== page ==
George Foreman and Larry Holmes both signed a contract to finally meet in the ring of the Houston Astrodome, slated for January 1999. Big George ultimately bailed when the promoters failed to pony up enough cash to make Foreman’s $10 million purse. The two aged greats went home with the non-refundable deposits, and the idea of a Foreman vs. Holmes clash was never revived. But what if it was? What if the money had been paid, or some other financier stepped into the promotion — and the fight went ahead for sometime in early 1999.
George Foreman began his historic comeback in March 1987, which culminated with his knockout of Michael Moorer in November 1994 and capture of the WBA-IBF titles. Foreman fought four more times after beating Moorer, against three fringe contenders (Axel Schultz, Lou Savarese, Shannon Briggs) and one journeyman (Crawford Grimsley). His last fight saw him lose a Majority Decision to Briggs.
The second comeback of Larry Holmes came after his disastrous one-shot comeback against Mike Tyson, starting in April 1991. This roughly coincided with Foreman’s high profile challenge for Evander Holyfield’s Undisputed World Heavyweight Championship, and to a large extent it was the eventual success of Foreman’s comeback (four long years in the making) that inspired Holmes to return to the ring. Holmes had winning a world title in his sights, but also was eager to square off with George Foreman in an old timer’s bout, and Holmes constantly called out Foreman during his third run in boxing.
Neither man was quite the somewhat flabby, but relatively well-preserved specimen they were in the early-to-mid 1990s, but the odds-makers favored Holmes. For one thing, Holmes was slightly younger, and would be 49 to Foreman’s 50 on fight night.
Also, Holmes had the better recent record, having been robbed of a victory against Brian Nielsen in the Danish creampuff’s backyard of Copenhagen and out-foxing fringe contender Maurice Harris in 1997, while Foreman was losing to Shannon Briggs that year. Briggs was more formidable than Harris or Nielsen, but Briggs clearly beat Foreman, and a loss is a loss is a loss.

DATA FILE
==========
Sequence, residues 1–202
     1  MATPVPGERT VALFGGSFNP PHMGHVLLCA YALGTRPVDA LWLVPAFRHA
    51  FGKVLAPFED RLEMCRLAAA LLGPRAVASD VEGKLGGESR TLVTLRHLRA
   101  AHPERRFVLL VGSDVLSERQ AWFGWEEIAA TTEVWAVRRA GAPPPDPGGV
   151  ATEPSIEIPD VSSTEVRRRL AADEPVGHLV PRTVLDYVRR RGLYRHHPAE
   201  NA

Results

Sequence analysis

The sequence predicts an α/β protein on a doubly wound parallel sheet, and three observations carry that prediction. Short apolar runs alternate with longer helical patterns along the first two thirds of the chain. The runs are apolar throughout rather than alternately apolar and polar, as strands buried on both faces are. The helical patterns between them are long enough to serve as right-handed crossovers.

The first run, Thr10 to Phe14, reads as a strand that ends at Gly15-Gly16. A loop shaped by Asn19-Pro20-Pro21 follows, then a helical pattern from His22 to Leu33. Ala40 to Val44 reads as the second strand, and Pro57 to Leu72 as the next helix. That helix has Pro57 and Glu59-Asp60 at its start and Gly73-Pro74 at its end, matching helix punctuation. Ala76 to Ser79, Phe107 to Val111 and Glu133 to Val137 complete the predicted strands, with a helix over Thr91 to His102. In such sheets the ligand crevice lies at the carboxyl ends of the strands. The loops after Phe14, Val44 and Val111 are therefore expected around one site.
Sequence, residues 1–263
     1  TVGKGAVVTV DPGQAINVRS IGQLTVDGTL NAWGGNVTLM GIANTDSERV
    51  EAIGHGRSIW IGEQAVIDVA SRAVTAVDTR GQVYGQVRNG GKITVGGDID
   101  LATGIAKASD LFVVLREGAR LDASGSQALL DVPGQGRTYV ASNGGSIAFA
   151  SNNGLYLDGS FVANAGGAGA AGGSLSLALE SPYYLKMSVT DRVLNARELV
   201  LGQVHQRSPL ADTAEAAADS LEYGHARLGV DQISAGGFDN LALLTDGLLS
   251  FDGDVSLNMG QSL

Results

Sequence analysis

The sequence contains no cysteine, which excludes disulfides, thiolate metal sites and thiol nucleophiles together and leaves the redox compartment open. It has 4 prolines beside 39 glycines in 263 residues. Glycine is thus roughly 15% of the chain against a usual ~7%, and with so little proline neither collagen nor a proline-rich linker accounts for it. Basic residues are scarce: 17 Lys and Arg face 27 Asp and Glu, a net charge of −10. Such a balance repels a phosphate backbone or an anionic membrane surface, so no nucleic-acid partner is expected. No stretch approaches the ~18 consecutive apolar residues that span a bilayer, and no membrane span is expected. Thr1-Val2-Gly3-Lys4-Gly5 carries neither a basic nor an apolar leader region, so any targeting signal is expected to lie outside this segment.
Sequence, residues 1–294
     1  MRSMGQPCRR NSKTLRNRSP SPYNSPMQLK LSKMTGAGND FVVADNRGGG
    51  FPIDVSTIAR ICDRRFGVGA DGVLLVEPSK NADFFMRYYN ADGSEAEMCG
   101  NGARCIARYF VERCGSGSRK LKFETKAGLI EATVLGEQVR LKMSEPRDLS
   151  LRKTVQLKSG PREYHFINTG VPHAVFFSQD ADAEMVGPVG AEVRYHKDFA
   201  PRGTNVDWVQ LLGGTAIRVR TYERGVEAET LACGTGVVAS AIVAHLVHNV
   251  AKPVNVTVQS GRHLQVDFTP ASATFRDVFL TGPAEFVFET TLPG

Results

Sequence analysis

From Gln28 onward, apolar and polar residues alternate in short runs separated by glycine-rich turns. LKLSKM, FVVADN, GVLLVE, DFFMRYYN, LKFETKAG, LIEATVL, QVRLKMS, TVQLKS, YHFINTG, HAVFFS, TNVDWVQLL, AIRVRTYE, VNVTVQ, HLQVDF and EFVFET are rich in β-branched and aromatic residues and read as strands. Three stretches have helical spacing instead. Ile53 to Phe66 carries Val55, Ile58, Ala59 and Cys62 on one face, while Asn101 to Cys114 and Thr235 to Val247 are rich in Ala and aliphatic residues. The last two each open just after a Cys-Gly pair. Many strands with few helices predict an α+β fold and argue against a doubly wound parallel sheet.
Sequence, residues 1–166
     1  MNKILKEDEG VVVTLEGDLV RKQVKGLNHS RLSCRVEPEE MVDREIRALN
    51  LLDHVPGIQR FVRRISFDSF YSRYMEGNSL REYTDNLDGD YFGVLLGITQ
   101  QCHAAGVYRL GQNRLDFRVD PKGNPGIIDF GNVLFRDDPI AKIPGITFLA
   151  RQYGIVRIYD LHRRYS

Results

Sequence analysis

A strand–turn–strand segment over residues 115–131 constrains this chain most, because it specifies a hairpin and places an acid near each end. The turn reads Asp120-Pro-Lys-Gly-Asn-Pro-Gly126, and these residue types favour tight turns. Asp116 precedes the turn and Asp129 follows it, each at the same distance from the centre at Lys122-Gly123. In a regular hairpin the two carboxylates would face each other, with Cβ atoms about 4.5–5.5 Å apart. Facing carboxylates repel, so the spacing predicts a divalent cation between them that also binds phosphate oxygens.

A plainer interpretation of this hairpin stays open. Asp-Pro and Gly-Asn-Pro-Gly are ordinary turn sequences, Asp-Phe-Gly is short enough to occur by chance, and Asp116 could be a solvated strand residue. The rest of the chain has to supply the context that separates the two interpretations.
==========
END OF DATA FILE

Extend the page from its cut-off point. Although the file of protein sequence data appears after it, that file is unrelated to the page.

Foreman vs. Holmes: The Fight
The two old giants met in the center ring, each looking to establish his jab. Foreman plodded forward behind his cross-armed guard and firing his thudding, telephone pole left, as Holmes moved and stuck the somewhat tarnished version of his “golden jab.” While Holmes’s jab was still regarded one of the best in the heavyweight division in 1999, Foreman’s own jab was severely underrated and he actually owns a reach advantage on Holmes, so it was a surprise to many that night when this contest to establish the jab actually turned into a real contest.
The first two rounds were such that either fighter could have won, and being devoid of anything beyond careful probing with the jab, those opening rounds were so boring the rowdy Texas crowd actually began booing the fighters. Things picked up in the 3rd, as Holmes started to really get his jab going, and finding Foreman easy to hit (if not hit cleanly because of Foreman’s cross-armed guard), started picking combos off of it. Somewhat slower and more immobile than Holmes, Big George has no choice but to continue following Holmes, work the jab, and hope for a mistake to exploit.
It’s long in coming, and Foreman drops four straight rounds as Holmes keeps sticking the jab, putting in a straight right or sneaky left hook for good measure. Then in Round 7, Foreman finds his opening. With 0:41 remaining in the round, he cuts Holmes off and puts two hard blows down the pike and through the angles. He went down with a thud, landing flat on his back and looking much as he did when Earnie Shavers got him in 1979. Holmes got up, hung on to Foreman for dear life, and survived the round.
Holmes went back to sticking the jab in Round 8, and took no chances from that point to the final bell in Round 10. Almost all ringside observers thought Holmes had won the fight on points, as did Holmes himself, so there was concern in the stands when the first score read was 95-94 for Foreman. The second scorecard was 96-93 for Holmes, and the third and final scorecard read 96-93 for Foreman!
The Texas judges gave their hometown favorite a gift decision, much to the disgust of everyone who thought Holmes had won seven or eight out of ten rounds, knockdown or no. George Foreman promptly retired, while Larry Holmes went on to fight Mike Weaver and Bonecrusher Smith in two more “old guys” fights, and finally retired himself after beating Eric “Butterbean” Esch.